In seeking to address harms to children, the Online Safety Bill proposes remedies that will create new harms. Internet services used every day by British consumers would be obligated to scan all public posts and private chats against government-specified criteria. It’s a serious interference with free speech and privacy rights.
If these services don’t want to do it, they could pack up and leave the UK. If they do comply, it would open the floodgates to scanning requests from governments seeking to undermine democratic debate around the world. Who then would be the loser?
Internet companies will be required by the government to police social media posts for criminal offences across 11 areas of law. These offences include assisting illegal immigration and public order offences, as well as terrorism and child sexual abuse material. It is not clear why public order and immigration offences are in a bill to protect children.
Untrained civilians working for private companies will determine illegality and criminality based on what the “reasonably consider” without gathering evidence. They will be aided by context-blind algorithmically driven systems that will look for matches in images and video. The potentially high number of false flags (posts wrongly categorised as illegal) makes this a risky approach. The danger is that innocent posts could be swept away – potentially before they are even published – and legitimate public debate suppressed.
Private chat platforms, such as WhatsApp, Signal, Facebook Messenger and Telegram, will also fall under the bill’s mandate. Under a recent amendment to the bill, they will have to scan for government-specified forms of illegal content using Home Office-approved systems. It is a deeply intrusive form of surveillance that will compromise the end-to-end encryption that currently keeps our chats confidential and secure. The template is one that governments in non-democratic countries could copy for political surveillance.
Monitoring of all public posts on social media sites, 24 hours a day, with the aim of removing those that meet prohibited criteria – this is an interference with free speech rights. Moreover, pervasive surveillance of private chats conducted without warrants is a violation of privacy rights. The likely chilling effect will be to make it more difficult for victims of crime and vulnerable people to seek help.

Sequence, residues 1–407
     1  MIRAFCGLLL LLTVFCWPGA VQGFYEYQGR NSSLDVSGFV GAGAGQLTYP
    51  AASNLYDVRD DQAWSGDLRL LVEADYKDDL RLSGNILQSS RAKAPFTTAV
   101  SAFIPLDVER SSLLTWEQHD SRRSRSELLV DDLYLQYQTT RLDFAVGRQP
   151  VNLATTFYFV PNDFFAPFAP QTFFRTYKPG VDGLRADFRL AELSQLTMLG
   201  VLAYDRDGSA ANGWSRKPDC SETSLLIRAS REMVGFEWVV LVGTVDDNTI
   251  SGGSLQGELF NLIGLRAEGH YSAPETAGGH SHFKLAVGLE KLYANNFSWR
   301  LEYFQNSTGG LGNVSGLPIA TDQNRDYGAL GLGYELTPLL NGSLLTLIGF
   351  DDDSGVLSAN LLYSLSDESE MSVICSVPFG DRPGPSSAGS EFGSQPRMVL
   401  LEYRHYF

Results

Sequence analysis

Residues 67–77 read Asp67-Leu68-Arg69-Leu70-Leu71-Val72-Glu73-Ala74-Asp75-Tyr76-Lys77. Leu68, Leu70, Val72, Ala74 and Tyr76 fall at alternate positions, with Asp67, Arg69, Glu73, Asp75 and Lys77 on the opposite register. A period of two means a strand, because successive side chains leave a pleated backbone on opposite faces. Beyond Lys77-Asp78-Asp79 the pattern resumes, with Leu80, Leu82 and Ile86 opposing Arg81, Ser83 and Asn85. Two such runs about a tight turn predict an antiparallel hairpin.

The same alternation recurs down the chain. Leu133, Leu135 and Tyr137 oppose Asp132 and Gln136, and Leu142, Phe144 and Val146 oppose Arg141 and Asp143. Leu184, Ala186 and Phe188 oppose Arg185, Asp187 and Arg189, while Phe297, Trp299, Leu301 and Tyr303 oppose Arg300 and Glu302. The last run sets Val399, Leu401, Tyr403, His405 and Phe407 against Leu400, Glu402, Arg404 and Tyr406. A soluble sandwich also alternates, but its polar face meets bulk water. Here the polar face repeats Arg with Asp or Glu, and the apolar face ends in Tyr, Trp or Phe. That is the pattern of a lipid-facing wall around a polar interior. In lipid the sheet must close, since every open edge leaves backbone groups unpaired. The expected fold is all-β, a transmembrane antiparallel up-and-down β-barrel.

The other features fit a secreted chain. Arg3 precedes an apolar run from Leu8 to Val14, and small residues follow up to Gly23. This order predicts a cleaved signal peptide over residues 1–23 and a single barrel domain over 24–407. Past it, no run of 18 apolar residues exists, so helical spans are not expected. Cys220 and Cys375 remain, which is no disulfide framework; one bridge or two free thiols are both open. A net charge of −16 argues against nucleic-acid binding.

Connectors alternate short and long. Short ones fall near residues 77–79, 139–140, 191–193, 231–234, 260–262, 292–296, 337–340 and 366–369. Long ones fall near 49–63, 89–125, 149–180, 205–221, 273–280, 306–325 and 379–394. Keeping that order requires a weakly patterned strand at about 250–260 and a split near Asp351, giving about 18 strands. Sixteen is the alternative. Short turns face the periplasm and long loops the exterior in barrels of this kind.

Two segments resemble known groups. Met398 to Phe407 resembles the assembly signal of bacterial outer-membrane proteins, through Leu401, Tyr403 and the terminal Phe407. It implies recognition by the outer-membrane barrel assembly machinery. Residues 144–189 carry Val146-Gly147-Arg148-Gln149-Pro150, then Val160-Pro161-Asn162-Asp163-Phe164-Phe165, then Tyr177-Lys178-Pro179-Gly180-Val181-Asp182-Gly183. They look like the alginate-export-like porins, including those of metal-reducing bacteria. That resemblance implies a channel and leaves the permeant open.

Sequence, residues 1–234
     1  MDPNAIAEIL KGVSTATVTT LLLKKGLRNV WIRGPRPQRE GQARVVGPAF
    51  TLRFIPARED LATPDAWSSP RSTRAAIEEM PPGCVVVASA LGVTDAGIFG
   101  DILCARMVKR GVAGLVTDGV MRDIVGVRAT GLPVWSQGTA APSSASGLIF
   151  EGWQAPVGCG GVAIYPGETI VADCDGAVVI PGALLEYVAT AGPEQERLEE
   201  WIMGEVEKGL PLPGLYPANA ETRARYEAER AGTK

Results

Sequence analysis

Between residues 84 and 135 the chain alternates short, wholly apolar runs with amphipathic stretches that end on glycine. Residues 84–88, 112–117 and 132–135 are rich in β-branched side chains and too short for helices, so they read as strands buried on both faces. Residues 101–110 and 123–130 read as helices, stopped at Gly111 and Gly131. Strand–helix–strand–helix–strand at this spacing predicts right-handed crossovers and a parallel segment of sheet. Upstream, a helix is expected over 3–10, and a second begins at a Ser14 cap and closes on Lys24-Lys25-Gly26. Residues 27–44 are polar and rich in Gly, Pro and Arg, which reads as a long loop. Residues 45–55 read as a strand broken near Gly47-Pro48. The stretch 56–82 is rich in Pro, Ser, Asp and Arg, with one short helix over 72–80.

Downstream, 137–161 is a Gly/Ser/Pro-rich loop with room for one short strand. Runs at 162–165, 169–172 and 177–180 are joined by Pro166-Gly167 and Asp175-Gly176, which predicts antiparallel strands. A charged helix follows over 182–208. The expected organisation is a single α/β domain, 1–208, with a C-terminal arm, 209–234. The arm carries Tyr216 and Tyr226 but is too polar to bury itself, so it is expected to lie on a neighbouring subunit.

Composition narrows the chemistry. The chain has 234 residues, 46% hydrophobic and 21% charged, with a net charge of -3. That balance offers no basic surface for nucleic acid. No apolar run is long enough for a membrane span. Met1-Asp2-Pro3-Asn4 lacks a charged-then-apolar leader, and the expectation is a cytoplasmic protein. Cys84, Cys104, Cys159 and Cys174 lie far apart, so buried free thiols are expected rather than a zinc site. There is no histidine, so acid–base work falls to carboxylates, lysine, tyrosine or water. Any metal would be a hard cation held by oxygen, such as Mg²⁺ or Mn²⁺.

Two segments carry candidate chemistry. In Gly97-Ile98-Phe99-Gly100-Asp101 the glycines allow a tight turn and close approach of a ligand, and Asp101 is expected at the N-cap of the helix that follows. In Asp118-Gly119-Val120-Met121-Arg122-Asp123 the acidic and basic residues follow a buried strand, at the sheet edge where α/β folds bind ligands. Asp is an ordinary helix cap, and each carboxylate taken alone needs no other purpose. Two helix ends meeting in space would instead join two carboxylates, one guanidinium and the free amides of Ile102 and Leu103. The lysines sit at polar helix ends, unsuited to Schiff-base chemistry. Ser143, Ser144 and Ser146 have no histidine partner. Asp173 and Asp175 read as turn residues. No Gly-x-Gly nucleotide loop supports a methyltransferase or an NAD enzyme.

None of this cancels out the objectives of the bill to address online content that is harmful. Indeed, there are very serious concerns that the bill seeks to address. For example, the coroner’s conclusions in the Molly Russell inquest raise grave concerns around self-harm content.
The government is right to want to address these issues, but under law, it must state clearly and precisely what content it wants to tackle and it must put in place procedures to rectify any errors if they occur. The bill should ensure that online platforms must justify their actions when they remove content and offer an effective appeals process.
The idea that technology can provide a silver bullet to solve complex societal issues does not stand up to examination. The back-of-a-fag-packet nature of this bill reflects an inept failure of due diligence in policymaking. Ideally, the government should go back to the drawing board; in its present form, large swathes of the bill will be unworkable, and we will be struggling with the consequences for years to come.
[See also: No one will be safe online until we break Big Tech’s toxic algorithms]
Read the other side of the debate on the Online Safety Bill here.
This opinion piece originally appeared in our Spotlight print edition on Cybersecurity on Friday 18 November 2022. Read the supplement in full here.